Yes, my Dropbox folder is backed up to my Pegasus which is not only RAID 5 but is backed up again with Crashplan locally and offsite in the cloud.

    Crashplan does work a bit like Time Machine and allows you to go back in time to find older versions of files or deleted directories and files.

    Even then, I'm paranoid that something bad will happen. I don't think you can back up enough. Lol. It's what happens when you have photos and videos of your kids as babies etc that you want to keep forever.
    Quad Core Mac Mini Server, 15' rMBP, 12' MacBook, Thunderbolt Display, iPad Pro/4/2/Mini, iPhone 6S/6S+, AppleWatch 38/42mm, iPod Touch/Nano, ATV 4, AirPort Extreme, Promise Pegasus R4
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  10. #10
    Geoff3DMN's Avatar Geoff3DMN is offline Motorbikes - lazy mans Zen

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    I have a 2 drive NAS in Raid 1 for local storage of files, that's backed up to an external HD attached to the NAS via USB and also to a cloud storage service that's provided by the NAS company (at a cost).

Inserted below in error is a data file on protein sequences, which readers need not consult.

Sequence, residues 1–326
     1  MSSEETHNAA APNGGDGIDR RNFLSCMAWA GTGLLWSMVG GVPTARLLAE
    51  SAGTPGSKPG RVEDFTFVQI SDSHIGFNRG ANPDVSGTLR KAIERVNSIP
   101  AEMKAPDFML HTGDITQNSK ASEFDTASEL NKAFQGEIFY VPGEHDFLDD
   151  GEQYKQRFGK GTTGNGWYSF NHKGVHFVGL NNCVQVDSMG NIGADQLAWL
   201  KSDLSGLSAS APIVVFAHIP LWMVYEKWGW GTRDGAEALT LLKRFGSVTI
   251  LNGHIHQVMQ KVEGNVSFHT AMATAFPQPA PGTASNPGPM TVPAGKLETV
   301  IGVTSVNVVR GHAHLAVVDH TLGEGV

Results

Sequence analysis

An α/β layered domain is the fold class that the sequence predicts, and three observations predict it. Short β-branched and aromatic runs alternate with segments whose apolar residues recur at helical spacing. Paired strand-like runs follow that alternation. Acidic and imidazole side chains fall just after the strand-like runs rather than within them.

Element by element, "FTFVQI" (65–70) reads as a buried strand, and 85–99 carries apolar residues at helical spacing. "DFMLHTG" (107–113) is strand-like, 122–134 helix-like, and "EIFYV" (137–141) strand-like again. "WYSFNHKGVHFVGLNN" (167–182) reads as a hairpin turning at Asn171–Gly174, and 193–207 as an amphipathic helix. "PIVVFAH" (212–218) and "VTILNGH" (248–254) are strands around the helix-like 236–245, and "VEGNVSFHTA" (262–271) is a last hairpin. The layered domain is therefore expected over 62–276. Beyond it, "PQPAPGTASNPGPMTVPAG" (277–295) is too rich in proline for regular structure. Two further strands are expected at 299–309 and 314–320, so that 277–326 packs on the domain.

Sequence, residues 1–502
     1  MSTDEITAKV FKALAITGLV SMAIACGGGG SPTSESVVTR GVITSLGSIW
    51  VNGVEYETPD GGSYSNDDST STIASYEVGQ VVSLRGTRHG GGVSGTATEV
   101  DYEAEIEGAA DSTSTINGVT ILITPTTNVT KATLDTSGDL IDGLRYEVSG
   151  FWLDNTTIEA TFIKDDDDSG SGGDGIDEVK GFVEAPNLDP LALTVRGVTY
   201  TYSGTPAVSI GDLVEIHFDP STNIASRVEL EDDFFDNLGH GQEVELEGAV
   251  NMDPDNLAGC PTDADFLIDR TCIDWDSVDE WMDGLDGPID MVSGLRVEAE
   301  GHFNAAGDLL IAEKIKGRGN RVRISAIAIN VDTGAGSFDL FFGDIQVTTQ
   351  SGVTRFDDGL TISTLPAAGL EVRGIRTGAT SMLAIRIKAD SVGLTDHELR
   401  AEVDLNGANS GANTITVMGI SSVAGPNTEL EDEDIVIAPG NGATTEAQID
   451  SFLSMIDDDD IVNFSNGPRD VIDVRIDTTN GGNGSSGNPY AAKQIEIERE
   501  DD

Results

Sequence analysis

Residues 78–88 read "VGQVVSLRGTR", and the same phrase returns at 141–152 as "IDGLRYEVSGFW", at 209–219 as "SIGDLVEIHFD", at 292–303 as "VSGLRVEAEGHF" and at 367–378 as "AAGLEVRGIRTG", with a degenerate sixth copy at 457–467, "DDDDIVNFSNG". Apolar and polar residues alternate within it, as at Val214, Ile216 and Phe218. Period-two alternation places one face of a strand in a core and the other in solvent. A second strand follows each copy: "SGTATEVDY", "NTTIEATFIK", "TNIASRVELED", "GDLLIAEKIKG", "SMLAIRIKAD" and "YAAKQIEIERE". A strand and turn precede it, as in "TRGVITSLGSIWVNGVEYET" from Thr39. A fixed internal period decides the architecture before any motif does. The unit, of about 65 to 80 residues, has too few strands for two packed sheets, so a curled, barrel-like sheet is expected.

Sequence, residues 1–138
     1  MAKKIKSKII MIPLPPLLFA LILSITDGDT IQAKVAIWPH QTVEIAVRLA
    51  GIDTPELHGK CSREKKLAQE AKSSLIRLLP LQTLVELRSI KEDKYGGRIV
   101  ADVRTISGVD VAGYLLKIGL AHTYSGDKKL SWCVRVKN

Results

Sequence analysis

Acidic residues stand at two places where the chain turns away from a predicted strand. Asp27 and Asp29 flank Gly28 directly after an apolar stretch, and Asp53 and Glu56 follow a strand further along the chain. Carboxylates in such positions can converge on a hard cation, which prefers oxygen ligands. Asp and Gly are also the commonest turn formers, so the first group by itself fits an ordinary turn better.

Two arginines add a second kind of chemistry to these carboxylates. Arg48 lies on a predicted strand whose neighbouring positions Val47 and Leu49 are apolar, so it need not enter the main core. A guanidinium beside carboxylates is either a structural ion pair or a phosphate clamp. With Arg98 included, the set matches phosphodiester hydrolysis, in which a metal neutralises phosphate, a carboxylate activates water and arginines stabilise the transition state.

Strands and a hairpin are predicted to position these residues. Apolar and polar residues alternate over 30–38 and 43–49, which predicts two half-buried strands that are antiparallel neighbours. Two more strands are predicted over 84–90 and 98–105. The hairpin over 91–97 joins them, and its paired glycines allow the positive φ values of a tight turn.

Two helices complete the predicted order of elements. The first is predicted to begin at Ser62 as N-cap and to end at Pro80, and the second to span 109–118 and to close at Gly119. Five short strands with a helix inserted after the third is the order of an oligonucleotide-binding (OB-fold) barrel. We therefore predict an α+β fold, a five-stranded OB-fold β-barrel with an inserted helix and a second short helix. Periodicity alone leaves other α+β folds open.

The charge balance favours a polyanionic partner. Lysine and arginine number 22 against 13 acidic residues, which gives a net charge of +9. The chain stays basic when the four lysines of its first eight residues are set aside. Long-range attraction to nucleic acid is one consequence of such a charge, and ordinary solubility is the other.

Critical files are also mirrored to my Dropbox folder.
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  11. #11

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    Default

    Mine's pretty simple a time machine backup of the iMac which sits on my desk permanently connected.

    Two Seagate GoFlex drives "A" and "B" which i rotate daily and are backed up via SuperDuper! The not -currently-in-use drive is then stored in a fire-proof box in the shed (When i remember to go put it in there!) As for the 10+TB on my media server my attitude is "meh" if it dies (as a couple of the drives have in the past) i can always download it all again.

    I note whilst mentioning Dropbox etc. nobody has really discussed how they store the media at home (external/offiste backups, etc)? The NAS/Drobo/HP server options are great for data recovery in case of a drive failure, but what happens when your house burns down (or gets flooded, vandalised, etc)?

  12. #12
    bennyling's Avatar bennyling is offline Resident News Monkey, Lover of Chocolate Cake

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    Quote Originally Posted by MisterFnord View Post
    I note whilst mentioning Dropbox etc. nobody has really discussed how they store the media at home (external/offiste backups, etc)? The NAS/Drobo/HP server options are great for data recovery in case of a drive failure, but what happens when your house burns down (or gets flooded, vandalised, etc)?